The residential market continued going strong but showed signs of reaching a tipping point, according to data released by New York City brokerages.
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New York’s manic real estate market is finally showing signs of cooling after a whirlwind year, according to market data.
The residential market continued going strong but showed signs of reaching a tipping point or possibly even shifting back toward a buyer’s market, as mortgage rates shot up and the stock market dropped affecting buyers’ finances, according to data released by New York City brokerages.
All signs during the second quarter pointed toward a slowdown wrote Frederick Warburg Peters, president of the New York City brokerage Coldwell Banker Warburg, in his brokerage’s Quarter 2 report.
“Throughout the second quarter, that slowdown has accelerated: fewer signed contracts, fewer bidding wars, more price reductions, and a gradual increase in available inventory,” Peters wrote. “The gradually slowing sales market manifests in all boroughs and at all price points throughout the city.”
Other brokerages concluded that Manhattan is undeniably headed toward a shift back to a buyer’s market, though the shift is not immediately obvious through second-quarter data. The average contract signing date was Jan. 30 when mortgage rates sat at 3.55 percent and the S&P Index was at 4,516, the report notes.
Currently rates are approaching 6 percent and the S&P has fallen to just above $3,800 — drastically different market conditions.
Brown Harris Stevens found prices rising five percent year-over-year for resale apartments in Manhattan during the second quarter, with resale apartments spending 28 percent less time on the market than a year ago.
Apartment prices averaged at over $2.1 million during the second quarter — 9 percent higher than a year ago — while the median price was at $1,225,450 according to BHS data, a 7 percent year-over-year increase.
Despite sales and prices both going up, yearly percentage increases are decreasing every quarter, according to a report from SERHANT.
“While sales and prices were up, the yearly percentage increases have been declining each quarter, leading to the notion that we are at an inflection point in the market,” Garret Derderian, director of market intelligence at SERHANT., said in a statement. “Sales are always a lagging indicator of market performance, and the numbers may not line up with reality today. The quarter started strong on all fronts, including newly signed contracts.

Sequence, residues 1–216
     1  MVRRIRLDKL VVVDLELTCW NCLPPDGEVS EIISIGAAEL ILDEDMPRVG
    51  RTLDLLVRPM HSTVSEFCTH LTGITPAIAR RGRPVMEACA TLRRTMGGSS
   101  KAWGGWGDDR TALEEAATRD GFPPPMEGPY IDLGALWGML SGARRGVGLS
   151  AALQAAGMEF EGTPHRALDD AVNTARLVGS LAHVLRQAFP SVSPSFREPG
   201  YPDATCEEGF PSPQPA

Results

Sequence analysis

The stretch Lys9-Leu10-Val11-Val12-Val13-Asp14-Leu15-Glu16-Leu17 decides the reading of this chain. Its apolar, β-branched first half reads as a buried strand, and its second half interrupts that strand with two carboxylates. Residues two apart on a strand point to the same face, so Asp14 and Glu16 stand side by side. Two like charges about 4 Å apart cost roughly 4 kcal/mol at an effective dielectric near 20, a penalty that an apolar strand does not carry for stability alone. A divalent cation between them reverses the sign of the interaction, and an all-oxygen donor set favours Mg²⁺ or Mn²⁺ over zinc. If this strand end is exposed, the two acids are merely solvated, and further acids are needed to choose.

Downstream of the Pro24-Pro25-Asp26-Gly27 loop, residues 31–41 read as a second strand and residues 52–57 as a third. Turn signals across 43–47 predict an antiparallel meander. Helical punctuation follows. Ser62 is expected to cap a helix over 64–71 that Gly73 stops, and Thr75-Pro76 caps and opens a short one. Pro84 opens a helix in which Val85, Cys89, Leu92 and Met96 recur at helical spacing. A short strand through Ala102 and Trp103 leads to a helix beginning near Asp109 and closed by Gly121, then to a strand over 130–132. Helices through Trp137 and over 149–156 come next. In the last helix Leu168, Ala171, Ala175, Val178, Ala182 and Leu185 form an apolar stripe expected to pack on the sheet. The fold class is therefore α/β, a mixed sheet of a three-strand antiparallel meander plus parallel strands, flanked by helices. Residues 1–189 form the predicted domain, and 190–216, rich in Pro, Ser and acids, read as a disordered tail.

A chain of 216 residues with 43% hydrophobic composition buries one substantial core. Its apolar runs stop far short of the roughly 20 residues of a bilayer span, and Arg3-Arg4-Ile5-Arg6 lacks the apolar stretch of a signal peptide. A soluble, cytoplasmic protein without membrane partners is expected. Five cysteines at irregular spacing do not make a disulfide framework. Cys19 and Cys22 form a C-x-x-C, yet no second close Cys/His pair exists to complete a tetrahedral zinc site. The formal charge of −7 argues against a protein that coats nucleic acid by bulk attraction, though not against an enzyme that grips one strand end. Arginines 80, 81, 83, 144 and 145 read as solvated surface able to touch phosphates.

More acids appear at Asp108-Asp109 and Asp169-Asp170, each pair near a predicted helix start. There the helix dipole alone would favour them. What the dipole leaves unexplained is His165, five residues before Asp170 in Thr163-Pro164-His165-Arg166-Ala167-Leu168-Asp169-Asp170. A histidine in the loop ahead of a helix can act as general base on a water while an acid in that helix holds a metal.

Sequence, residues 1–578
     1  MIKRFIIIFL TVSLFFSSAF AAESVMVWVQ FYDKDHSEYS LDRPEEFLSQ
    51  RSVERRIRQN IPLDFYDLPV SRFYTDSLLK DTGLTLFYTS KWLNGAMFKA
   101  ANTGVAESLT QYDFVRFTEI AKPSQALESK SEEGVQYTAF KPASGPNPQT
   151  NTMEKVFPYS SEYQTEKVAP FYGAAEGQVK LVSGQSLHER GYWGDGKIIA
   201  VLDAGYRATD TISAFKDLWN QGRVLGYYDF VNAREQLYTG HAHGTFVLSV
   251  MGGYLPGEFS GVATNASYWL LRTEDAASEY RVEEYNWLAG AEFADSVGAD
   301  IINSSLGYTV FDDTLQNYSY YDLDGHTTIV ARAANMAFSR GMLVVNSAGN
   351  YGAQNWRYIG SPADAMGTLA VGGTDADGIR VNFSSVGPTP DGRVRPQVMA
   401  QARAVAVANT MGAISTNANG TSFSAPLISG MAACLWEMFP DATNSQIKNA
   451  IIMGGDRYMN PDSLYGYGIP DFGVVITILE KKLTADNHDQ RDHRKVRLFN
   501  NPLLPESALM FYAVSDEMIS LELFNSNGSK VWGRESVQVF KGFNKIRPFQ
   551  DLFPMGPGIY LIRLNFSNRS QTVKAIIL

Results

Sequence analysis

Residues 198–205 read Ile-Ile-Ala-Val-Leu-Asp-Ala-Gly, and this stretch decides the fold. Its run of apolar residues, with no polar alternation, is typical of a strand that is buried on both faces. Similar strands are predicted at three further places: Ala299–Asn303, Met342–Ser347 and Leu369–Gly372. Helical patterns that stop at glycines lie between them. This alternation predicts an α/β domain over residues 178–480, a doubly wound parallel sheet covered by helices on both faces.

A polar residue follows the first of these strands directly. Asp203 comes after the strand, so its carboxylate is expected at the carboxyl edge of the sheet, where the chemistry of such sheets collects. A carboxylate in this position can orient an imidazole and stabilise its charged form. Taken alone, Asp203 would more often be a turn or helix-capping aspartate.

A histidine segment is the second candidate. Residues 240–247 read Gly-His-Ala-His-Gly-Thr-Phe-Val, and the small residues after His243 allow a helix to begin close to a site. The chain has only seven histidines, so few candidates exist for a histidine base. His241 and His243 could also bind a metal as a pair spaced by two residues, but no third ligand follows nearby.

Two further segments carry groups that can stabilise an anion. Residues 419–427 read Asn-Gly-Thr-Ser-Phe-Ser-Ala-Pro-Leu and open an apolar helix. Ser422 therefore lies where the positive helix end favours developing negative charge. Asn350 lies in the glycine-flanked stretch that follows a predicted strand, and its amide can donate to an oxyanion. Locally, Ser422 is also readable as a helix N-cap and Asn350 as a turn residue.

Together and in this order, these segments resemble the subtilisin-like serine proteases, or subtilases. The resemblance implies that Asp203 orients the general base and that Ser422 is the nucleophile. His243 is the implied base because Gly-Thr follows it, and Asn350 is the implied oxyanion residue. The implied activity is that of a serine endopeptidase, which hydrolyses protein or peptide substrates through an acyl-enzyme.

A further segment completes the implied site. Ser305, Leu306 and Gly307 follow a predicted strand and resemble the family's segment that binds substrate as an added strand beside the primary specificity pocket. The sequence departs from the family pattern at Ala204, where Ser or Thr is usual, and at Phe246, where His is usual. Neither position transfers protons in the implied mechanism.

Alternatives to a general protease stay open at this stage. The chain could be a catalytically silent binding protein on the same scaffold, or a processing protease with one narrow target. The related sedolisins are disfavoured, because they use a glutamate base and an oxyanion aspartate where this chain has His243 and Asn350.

“However, by mid-May, the market began to shift. Rising interest rates impacted the number of sales at lower price points, and stock market volatility caused sales at all levels to slow. Still, the number of contracts signed is higher than every quarter since 2016 except last year, which was a phenomenal year.”
Meanwhile, a report from Douglas Elliman found that contract signings in Manhattan have been falling annually since April 2022 when compared to the previous year’s extremely low mortgage rates. It also found contract signings were falling month-over-month for three straight months as higher rates have brought about weaker demand and slightly increased inventory.
Compass additionally found that sales volume jumped 18.6 percent year-over-year to $15.6 billion, the highest level in a decade, while contract signings dropped nearly 25 percent compared to 2021.
The second quarter saw a 16.3 percent year-over-year increase in inventory, which coupled with falling contract signings likely means that double-digit year-over-year price increases and constant bidding wars will likely end, according to data from Compass.
“The data included in the signed contracts section, which is more timely, reflects a softening in the market,” Stacey Froelich, an agent with Compass, said in a statement. “The market started to transition at the end of Q2. Buyers are currently feeling uncertain about rising mortgage rates, where pricing will shake out, inflation, the volatile stock market, and ultimately recession. Even though inventory levels are still fairly low we are seeing buyers take a pause.”